Mint is an ancient symbol of hospitality. There’s an old story in Greek mythology of two mysterious travelers who walked through Asia Minor searching for anyone who would take them in for a meal. After being snubbed by everyone they met they came upon an elderly couple, Philemon and Baucis who brought them inside eagerly and rubbed their table with mint leaves to make sure it was clean and fresh for their guests. The two strangers were Zeus and Hermes, gods in disguise who were testing mankind and subsequently rewarded the couple and changed their home into a magnificent temple.
Types of Mint
Mint comes in a dazzling number of varieties but the main types are
- Spearmint – Also known as lamb mint, pea mint, or garden mint. It grows to about two and a half feet in height. It repels flies, and has light green leaves and violet flowers
- Peppermint – Sometimes called white peppermint, is grass-green with violet flowers and is not only good for freshening the air and in tea, it also kills flees on contact. If an infestation ever breaks out it’s safe to spray a mixture of it on your dog as a cure.
- Black Peppermint – This is a like a super charged version of standard peppermint. The leaves are a deep green, the plant has purple veins in it and strong scented purple flowers.
- Orange Mint – Also called Bergamot, it has a lemon-orange scent with smooth grass green leaves and lavender flowers. It is used as a room deodorizer.
- Apple Mint – It has the ubiquitous purple flowers of a mint, smells like an apple, but has gray-green leaves covered in down.
- Pennyroyal – This is a type of ground cover and creeps along in a matted growth with a strong scent. Pennyroyal is actually poisonous if ingested but is a great aromatic.
- Corsican Mint – This is the variety used to create creme de menthe and is very delicate. It only grows to one inch high, cannot stand full sun, and dies in the snow.
There are thought to be over 500 different varieties of mint cultivated today, the list above represents my favorites and also the ones that I believe are easiest to cultivate.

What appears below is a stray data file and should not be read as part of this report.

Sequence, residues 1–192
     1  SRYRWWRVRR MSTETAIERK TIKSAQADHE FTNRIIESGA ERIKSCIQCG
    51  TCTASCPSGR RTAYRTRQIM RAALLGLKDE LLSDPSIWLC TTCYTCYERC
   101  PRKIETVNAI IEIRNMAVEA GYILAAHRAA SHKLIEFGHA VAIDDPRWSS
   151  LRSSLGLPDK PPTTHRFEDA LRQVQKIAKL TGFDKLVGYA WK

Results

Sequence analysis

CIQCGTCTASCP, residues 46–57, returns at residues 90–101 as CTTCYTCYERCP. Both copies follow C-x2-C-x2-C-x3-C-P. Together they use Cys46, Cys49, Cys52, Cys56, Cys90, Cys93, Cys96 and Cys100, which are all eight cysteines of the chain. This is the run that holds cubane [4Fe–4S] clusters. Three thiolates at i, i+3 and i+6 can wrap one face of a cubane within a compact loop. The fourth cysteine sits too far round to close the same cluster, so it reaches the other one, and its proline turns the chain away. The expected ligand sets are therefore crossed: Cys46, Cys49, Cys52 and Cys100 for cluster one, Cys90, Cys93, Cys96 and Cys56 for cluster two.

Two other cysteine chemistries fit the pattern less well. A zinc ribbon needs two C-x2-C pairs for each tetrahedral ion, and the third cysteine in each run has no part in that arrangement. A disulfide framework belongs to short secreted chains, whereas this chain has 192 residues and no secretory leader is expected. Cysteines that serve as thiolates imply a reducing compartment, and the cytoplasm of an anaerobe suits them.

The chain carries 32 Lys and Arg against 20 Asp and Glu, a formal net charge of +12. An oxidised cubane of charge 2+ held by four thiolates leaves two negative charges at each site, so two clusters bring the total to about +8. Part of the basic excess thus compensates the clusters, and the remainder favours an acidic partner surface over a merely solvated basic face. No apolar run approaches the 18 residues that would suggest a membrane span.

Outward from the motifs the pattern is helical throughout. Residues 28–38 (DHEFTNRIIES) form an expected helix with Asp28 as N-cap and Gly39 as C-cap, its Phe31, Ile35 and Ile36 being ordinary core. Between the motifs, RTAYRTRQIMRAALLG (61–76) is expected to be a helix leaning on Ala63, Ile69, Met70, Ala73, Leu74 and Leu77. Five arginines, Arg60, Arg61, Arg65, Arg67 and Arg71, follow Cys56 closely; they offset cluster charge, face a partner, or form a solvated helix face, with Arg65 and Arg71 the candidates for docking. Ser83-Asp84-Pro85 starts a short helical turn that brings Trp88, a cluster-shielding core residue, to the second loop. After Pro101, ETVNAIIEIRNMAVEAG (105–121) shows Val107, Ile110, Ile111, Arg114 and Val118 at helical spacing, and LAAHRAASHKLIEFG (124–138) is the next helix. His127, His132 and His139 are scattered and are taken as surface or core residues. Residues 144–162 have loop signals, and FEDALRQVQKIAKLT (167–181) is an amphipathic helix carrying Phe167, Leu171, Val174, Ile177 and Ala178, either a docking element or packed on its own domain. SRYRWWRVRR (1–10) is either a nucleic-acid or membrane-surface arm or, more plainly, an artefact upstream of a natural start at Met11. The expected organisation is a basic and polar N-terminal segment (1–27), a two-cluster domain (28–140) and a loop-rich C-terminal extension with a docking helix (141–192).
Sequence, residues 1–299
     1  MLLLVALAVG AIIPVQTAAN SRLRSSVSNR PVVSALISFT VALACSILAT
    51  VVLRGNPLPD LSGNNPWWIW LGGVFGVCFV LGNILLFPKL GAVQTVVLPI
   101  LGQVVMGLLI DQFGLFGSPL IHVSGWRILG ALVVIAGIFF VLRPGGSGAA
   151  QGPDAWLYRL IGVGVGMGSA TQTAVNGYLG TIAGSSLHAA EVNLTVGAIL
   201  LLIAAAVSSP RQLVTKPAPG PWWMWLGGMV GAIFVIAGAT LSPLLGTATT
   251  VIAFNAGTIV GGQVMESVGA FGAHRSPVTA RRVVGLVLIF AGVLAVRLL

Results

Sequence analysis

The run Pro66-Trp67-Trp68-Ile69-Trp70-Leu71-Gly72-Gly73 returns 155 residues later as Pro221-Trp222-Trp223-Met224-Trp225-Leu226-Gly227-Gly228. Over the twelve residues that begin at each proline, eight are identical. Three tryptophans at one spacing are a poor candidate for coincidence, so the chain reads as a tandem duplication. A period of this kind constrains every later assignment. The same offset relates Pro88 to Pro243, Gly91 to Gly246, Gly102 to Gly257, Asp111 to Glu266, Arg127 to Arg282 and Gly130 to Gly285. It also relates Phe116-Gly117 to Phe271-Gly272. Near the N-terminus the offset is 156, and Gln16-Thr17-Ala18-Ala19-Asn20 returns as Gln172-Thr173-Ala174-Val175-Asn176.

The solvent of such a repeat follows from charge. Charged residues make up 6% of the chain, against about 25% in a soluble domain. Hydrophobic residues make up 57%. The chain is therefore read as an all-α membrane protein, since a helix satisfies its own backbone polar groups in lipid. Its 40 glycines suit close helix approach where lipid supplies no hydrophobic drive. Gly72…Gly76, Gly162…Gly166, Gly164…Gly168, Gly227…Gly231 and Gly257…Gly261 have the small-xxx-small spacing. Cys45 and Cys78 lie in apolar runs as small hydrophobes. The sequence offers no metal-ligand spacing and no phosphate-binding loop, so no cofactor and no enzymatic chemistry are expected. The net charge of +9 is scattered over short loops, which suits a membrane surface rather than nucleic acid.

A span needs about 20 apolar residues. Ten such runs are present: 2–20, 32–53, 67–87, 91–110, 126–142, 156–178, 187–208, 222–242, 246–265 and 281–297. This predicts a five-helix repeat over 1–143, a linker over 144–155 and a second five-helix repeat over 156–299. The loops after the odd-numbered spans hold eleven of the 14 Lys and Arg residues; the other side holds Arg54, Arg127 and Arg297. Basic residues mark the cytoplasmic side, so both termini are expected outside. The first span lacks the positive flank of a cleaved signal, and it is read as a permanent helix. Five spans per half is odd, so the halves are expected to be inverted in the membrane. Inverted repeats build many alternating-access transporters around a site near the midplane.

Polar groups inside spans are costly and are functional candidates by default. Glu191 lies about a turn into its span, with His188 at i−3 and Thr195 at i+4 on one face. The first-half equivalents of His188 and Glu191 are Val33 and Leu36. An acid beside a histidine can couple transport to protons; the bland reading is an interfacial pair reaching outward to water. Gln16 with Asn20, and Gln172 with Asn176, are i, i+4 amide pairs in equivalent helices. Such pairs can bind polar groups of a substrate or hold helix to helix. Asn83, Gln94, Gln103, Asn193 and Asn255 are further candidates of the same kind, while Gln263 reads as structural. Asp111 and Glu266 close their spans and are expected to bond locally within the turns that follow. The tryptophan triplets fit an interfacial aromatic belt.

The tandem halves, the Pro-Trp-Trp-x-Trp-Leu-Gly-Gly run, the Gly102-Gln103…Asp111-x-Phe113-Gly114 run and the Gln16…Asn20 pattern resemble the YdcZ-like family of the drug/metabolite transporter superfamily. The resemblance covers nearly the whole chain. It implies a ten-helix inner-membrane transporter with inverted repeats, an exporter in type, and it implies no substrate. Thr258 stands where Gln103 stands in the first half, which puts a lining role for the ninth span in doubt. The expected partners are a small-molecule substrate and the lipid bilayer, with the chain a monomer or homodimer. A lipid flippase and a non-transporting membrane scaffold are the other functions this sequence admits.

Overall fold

History and Folklore
Mint also appears in Greek mythology as a nymph named Menthe. Hades fell in love with this nymph and his wife, Persephone, became jealous and changed the nymph into a plant. Over time her name changed to Minthe, then to Mint. Romans would crown themselves with peppermint wreaths and mint grows wild in Israel. In the Gospel of Mathew Jesus rails against the Pharisees when the demand taxes to be paid to them in mint. Both spearmint and peppermint are often included in love sachets and as a protection herb, these are the two most common types of mint.
Mint is in my opinion the easiest herb to grow, or, to put it better, mint is the hardest herb to get rid of. As a perennial it will return every year, almost no matter what you do it will return every year. Most varieties will tolerate a degree of sun (less than twelve hours a day) and will grow to somewhere between two and three feet tall. It does not do well in places where night temperatures drop below forty degrees or so. All mints are sterile hybrids, they do not produce seed and only reproduce through division, cutting, or layering. I’d suggest planting mint in containers but they need to be rather big – at least twelve inches deep. You have to watch out for runners if you grow mint, these are little roots that grow under the ground and can surface yards away from the mother plant and produce more plants. Rocks can be used to contain the plant rather well but I’d recommend getting large pickle buckets (you can get these from restaurants) and sinking them into the ground as containment. It does require fertilization once a year as it drains the soil of nutrients efficiently. Fire ash can actually be fatal to the plant but a little Miracle Grow spray will do fine. All mints are susceptible to rust and should be planted six inches apart to ensure good ventilation. Almost every type of pest attacks the mint plant, to get rid of them fill a spray bottle with soapy water and spray over the affected plants.
Mint can be cut at any time down to two inches and it will still survive. I like to let it reach a foot in height before cutting it successively in half each week until it reaches two inches. Once cut it can be hung in small bunches to dry or you can use a professional dehydrator with a screen. Drying in the oven or microwave destroys the essential oils. It can be stored in jars of almond oil to create an essential oil that is actually quite valuable, especially Bergamot.